• Collaborate with other businesses offering a non-competing service to the same target market. So a florist might combine with a restaurant, a website developer with a copywriter, a personal trainer with a diet coach.
  • Carry business cards and a notebook with you at all times. Your best prospect  might be another mother you meet at the school gate or the person sitting next to you on the train.
  • Attend networking events on a regular basis but don’t expect an immediate payback. Ask if your new contact would be willing to join your mailing list. See the points below about building relationships. For more networking tips see  12 Tips for networking success  and How to make networking work for you

Build relationships

We need to work at our relationships. We must follow up with those people we meet networking and with those people who join our list;

  • connect on social media,
  • meet for coffee,
  • send a follow up email,
  • call them
  • send them information or contacts that might be useful to them
  • offer a sample or opportunity to test your service
  • send a regular newsletter
  • invite them to an event that could be useful to them

Demonstrate your offer

Visual merchandising

Make your offer irresistible

People buy with their senses: smell, sight, sound, taste, touch. How many of these are you using to promote your offer? Copy the big boys, they can afford to pay for the research to show what works. That’s why the supermarkets have in store bakeries and play German music when they have a German wine promotion.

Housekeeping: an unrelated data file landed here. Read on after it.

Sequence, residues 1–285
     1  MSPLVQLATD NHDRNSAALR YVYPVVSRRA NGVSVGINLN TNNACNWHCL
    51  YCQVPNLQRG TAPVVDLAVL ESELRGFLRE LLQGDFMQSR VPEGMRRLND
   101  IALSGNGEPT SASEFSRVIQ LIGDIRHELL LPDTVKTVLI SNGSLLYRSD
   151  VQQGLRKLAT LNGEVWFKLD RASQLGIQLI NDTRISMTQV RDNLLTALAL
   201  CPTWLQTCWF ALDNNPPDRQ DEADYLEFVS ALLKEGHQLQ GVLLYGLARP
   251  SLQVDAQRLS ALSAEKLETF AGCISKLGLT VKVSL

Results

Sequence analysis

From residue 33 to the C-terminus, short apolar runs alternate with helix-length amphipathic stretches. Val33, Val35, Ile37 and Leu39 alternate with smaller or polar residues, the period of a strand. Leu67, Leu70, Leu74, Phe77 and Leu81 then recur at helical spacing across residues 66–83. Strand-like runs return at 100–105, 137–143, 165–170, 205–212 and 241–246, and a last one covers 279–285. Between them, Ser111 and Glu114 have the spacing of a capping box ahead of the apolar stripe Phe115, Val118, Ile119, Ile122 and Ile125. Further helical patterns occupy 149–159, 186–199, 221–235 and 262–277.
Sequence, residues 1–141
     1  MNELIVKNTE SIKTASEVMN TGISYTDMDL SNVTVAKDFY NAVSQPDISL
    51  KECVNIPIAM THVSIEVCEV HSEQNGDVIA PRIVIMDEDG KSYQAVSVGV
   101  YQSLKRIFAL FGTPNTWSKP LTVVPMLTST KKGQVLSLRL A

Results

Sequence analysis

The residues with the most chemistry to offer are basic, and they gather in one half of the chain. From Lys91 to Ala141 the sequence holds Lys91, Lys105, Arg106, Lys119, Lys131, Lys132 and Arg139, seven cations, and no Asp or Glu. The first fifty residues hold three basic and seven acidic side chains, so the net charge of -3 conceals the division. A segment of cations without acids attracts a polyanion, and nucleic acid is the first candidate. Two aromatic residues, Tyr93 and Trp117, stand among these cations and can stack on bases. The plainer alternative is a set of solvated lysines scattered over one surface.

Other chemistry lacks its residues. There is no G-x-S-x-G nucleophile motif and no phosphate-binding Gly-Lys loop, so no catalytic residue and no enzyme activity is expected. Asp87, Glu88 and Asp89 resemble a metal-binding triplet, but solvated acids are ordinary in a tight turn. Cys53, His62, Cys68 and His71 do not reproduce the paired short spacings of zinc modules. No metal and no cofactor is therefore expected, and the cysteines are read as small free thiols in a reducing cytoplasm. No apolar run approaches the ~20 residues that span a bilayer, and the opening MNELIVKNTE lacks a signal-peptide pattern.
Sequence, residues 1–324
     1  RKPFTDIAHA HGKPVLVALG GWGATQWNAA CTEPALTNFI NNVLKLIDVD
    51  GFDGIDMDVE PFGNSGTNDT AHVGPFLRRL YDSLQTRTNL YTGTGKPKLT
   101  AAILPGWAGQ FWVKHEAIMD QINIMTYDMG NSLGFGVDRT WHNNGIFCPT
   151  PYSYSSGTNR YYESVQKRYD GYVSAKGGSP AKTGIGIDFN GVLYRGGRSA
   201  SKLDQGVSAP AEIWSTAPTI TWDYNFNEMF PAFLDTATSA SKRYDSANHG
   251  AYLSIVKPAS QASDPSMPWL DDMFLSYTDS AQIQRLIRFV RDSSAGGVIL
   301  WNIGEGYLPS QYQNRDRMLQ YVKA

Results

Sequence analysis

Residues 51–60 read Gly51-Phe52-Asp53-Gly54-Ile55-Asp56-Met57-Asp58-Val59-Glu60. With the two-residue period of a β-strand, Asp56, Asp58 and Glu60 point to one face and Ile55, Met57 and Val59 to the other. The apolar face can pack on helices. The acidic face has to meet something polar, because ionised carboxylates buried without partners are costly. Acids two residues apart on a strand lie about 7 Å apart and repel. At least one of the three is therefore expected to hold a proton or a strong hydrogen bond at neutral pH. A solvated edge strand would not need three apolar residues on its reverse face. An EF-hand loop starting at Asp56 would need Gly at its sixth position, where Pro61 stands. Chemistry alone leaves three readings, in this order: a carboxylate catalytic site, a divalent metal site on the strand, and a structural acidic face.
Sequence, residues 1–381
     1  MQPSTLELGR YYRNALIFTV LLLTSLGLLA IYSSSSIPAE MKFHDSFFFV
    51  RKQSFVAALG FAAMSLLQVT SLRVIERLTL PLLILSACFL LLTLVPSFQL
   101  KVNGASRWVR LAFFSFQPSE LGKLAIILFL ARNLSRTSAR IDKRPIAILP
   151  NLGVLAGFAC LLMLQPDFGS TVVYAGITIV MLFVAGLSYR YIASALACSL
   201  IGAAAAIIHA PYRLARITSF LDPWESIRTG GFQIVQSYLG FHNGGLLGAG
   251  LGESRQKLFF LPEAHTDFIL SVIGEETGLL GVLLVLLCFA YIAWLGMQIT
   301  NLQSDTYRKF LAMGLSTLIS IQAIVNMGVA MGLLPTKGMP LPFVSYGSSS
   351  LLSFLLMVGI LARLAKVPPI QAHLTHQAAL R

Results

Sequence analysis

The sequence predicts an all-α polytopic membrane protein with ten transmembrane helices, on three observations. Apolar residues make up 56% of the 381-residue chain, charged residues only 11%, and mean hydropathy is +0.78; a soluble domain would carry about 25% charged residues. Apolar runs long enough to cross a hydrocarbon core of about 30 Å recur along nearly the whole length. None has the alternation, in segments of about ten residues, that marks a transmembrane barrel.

Here are some ideas:

  • use your window to show off your products, take items out of boxes and show how they could be used; combine products in the way a customer would e.g. model a whole outfit not just one element. If it’s impractical to put products in the window use photographs, or better still a video as motion captures attention
  • use in-premises displays that people can touch, smell or taste
  • pass round samples at a networking event
  • put a video or podcast on your website or blog
  • write a blog and upload photos where helpful
  • post photos and offer tips via Twitter or Facebook
  • share your expertise on Linked In or in a Facebook group
  • post pictures on Pinterest
  • play the kind of music that will encourage your prospect to linger or buy (make sure that you comply with local legislation for playing music in public)

Our great gardener knows that they have to keep on working the soil and that’s what we have to do with our prospects so I’ll have some more ideas for you in the next few posts. Do join in the discussion if you have any more ideas or have experience of any of the ideas here.

12 top tips for networking success

Gallery

This gallery contains 2 photos.

How do you feel about networking? Do you see it as a great way of doing business or simply a waste of time? Do you invest time in networking or avoid anything that bears the label? Over the years I’ve … Continue reading